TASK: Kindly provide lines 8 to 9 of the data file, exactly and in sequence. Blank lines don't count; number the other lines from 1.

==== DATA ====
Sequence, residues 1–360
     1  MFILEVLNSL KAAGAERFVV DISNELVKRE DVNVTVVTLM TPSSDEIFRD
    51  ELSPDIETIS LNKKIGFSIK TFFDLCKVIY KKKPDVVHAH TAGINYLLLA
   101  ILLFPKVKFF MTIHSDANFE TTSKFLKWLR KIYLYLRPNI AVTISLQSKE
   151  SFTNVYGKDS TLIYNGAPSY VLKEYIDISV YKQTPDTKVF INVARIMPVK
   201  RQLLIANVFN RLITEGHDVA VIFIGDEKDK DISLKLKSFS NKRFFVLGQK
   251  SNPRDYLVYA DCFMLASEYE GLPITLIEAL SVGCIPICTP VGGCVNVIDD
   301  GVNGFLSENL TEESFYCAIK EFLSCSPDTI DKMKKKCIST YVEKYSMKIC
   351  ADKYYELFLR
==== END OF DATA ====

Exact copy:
   301  GVNGFLSENL TEESFYCAIK EFLSCSPDTI DKMKKKCIST YVEKYSMKIC
   351  ADKYYELFLR